The most recent developer satisfaction survey supports the claim that
volunteers find it hard to get code reviews. The hypothesis is that by
having clearer ownership around code, there should be clearer
accountability, and it should be clearer what code lacks ownership that
This also applies to Wikimedia staff. It's often not clear when needing to
make changes to core, who is the best person to talk to about that code,
and who should be responsible/accountable/consulted/informed about any
changes to the code.
I am involved in the development of the Desktop improvements project 
and when we began the work there was no recognized owner for a lot of the
skin code in core. Since then my team has taken the role of maintainer and
it has allowed us to drive a lot of changes. I'm seeing new skins pop up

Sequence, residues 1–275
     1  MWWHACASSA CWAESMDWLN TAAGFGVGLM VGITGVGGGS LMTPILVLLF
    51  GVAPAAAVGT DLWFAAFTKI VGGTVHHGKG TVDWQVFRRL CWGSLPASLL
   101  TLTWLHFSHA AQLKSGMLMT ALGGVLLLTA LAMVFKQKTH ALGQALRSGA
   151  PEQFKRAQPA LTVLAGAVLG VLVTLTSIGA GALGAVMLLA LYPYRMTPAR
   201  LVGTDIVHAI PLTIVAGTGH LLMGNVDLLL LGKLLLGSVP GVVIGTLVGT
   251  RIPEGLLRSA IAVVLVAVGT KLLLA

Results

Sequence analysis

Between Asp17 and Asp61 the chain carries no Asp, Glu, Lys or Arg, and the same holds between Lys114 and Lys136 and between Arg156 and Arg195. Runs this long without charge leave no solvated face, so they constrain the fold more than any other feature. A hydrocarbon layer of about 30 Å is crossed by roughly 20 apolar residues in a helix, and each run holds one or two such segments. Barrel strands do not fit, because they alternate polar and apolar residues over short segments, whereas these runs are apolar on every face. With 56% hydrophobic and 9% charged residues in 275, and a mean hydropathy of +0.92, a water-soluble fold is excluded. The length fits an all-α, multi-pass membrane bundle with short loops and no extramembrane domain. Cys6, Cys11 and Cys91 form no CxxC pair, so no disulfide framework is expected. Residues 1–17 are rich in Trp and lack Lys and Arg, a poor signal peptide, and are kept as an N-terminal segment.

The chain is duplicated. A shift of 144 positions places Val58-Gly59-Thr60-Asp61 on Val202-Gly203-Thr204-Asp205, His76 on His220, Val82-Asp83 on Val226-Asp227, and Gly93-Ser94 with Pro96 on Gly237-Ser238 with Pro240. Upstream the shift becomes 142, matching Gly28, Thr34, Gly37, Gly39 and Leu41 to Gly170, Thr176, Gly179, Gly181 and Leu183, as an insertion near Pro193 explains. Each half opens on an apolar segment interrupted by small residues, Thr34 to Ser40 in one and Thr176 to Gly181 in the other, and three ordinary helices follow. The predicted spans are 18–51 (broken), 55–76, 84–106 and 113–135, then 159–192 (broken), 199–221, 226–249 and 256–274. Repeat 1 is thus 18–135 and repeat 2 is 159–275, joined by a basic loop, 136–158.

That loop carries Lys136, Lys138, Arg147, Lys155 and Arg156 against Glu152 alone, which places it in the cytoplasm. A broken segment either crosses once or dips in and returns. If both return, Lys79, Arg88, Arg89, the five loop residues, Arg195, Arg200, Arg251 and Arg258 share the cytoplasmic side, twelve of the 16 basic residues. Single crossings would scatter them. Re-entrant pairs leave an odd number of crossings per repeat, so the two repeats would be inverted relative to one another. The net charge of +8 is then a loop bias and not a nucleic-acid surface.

and we have started hearing from skin engineers, so I feel this has been a
positive thing. However, as we've navigated other parts of the codebase,
we've had to ask a lot of questions such as "Who maintains the legacy
parser? Are they open to changes there, or should that code be considered
of the watchstar?"
What with the proposed move to Gitlab, I have been very interested in the
code owners file documented on their site 
I hypothesize that identifying code owners and getting Wikimedia
engineering to agree to some basic expectations around code ownership might
go a long way to helping set expectations around who to talk to about
making changes, and actually getting those changes carried to completion.
The experiment of adding an OWNERS file to MediaWiki core seems like a
cheap one, given if we find it does nothing the file can easily be removed.
If you are interested in helping me explore this, feel free to join the
conversation on https://gerrit.wikimedia.org/r/c/mediawiki/core/+/745946
Wishing everyone a happy holiday